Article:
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final_sol_07 - EE263 Dec 78 or Dec 89 2007 Prof S Boyd...

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EE263 Prof. S. Boyd Dec. 7–8 or Dec. 8–9, 2007. Final exam solutions 1. Optimal initial conditions for a bioreactor. The dynamics of a bioreactor are given by ˙ x ( t ) = Ax ( t ), where x ( t ) R n is the state, with x i ( t ) representing the total mass of species or component i at time t . Component i has (positive) value (or cost) c i , so the total value (or cost) of the components at time t is c T x ( t ). (We ignore any extra cost that would be incurred in separating the components.) Your job is to choose the initial state, under a budget constraint, that maximizes the total value at time T . More specifically, you are to choose x (0), with all entries nonnegative, that satisfies c T x (0) B , where B is a given positive budget. The problem data ( i.e. , things you know) are A , c , T , and B . You can assume that A is such that, for any x (0) with nonnegative components, x ( t ) will also have all components nonnegative, for any t 0. (This occurs, by the way, if and only if the off-diagonal entries of A are nonnegative.) (a) Explain how to solve this problem. (b) Carry out your method on the specific instance with data A = 0 . 1 0 . 1 0 . 3 0 0 0 . 2 0 . 4 0 . 3 0 . 1 0 . 3 0 . 1 0 0 0 0 . 2 0 . 1 , c = 3 . 5 0 . 6 1 . 1 2 . 0 , T = 10 , B = 1 . Give the optimal x (0), and the associated (optimal) terminal value c T x ( T ). Give us the terminal value obtained when the initial state has equal mass in each component, i.e. , x (0) = α 1 , with α adjusted so that the total initial cost is B . Compare this with the optimal terminal value. Also give us the terminal value obtained when the same amount, B/n , is spent on each initial state component ( i.e. , x (0) i = B/ ( nc i )). Compare this with the optimal terminal value. Solution. (a) We have c T x ( T ) = c T e tA x (0) = b T x (0), where we define b = ( e TA ) T c , so our problem is to maximize b T x (0), subject to x (0) 0 (this means all its entries are nonnegative), and c T x (0) B . You can think of c i as the cost of investing in a unit of component i , and b i as the payoff received. Thus, the gain is b i /c i . The 1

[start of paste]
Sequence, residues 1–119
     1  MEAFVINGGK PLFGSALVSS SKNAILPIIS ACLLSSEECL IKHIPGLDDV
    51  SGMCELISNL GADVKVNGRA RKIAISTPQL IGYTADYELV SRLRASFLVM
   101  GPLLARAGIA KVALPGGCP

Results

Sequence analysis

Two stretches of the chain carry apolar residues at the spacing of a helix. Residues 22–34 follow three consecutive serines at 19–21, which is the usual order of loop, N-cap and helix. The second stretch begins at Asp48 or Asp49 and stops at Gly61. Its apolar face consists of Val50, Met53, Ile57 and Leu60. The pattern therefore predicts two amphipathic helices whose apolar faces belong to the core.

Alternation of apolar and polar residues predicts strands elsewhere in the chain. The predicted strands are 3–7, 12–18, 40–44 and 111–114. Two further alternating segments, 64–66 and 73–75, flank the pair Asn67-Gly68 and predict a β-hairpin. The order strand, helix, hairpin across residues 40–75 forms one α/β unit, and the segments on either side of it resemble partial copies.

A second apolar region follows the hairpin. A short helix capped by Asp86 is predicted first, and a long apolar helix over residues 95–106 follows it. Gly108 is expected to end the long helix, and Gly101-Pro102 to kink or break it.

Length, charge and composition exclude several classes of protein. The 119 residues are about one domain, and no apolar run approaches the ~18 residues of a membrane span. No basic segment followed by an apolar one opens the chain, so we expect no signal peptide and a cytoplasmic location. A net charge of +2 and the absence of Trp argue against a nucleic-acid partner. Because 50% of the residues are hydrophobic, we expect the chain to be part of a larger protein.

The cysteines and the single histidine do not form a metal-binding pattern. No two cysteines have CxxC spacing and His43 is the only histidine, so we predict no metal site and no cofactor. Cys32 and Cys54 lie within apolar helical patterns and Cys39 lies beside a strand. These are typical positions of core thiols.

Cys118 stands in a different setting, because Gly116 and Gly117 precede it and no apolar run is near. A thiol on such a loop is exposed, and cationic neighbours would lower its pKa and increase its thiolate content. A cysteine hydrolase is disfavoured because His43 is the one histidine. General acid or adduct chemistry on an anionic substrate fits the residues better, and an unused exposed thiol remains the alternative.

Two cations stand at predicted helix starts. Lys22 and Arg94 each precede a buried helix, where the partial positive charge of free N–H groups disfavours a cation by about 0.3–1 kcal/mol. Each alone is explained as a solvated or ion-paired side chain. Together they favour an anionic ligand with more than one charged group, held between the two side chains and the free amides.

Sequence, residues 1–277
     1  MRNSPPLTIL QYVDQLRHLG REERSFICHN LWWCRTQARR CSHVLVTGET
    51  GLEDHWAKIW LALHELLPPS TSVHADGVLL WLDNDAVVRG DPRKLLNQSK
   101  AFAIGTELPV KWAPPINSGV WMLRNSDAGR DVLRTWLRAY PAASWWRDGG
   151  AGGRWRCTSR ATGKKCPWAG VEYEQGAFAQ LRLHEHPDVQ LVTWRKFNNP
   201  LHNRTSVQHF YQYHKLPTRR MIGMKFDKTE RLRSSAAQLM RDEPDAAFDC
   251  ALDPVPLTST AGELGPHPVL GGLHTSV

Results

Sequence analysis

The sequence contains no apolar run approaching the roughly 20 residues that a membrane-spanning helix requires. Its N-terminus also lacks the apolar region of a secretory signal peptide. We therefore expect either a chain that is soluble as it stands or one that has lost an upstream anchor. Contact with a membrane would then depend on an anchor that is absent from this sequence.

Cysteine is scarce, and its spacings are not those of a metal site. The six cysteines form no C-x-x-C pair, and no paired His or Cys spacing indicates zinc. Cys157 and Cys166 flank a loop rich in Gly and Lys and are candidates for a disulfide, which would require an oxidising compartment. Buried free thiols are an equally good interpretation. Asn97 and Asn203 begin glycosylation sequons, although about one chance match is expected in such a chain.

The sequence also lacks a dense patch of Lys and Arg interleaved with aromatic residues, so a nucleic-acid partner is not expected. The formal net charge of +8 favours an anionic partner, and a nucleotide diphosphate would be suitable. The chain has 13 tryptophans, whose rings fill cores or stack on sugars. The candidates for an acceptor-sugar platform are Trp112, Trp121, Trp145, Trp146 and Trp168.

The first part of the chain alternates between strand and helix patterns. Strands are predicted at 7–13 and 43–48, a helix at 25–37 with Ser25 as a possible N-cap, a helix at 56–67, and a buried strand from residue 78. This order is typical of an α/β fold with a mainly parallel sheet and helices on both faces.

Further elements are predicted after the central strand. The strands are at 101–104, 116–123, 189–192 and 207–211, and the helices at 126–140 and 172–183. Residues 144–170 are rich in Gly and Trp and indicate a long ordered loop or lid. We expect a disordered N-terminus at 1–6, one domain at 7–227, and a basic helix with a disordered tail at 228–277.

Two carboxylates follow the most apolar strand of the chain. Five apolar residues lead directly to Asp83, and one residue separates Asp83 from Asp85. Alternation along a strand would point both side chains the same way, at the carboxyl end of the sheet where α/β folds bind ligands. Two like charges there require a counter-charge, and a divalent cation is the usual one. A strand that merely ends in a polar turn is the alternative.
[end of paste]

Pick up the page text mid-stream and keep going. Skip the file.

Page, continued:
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solution to this problem is to invest everything ( i.e. , the whole budget B ) in any component that has maximum gain. More formally, we choose any k for which b k /c k = max { b 1 /c 1 , . . . , b n /c n } , and then set x (0) = Be k . (Recall that we assume b i 0 and c i > 0 here.) We didn’t require a completely formal proof that this is the optimal strategy. But here is one, just so you know what one looks like. Suppose that x (0) satisfies x (0) 0, c T x (0) B . Then we have b T x (0) = n summationdisplay i =1 ( b i /c i )( c i x (0) i ) parenleftbigg max i =1 ,...,n ( b i /c i ) parenrightbigg parenleftBigg n summationdisplay i =1 c i x (0) i parenrightBigg B max i =1 ,...,n ( b i /c i ) . This shows that no feasible choice of x (0) can yield terminal value c T x ( T ) = b T x (0) more than B max i =1 ,...,n ( b i /c i ). But the choice described above yields this value of b T x (0), and so must be optimal.
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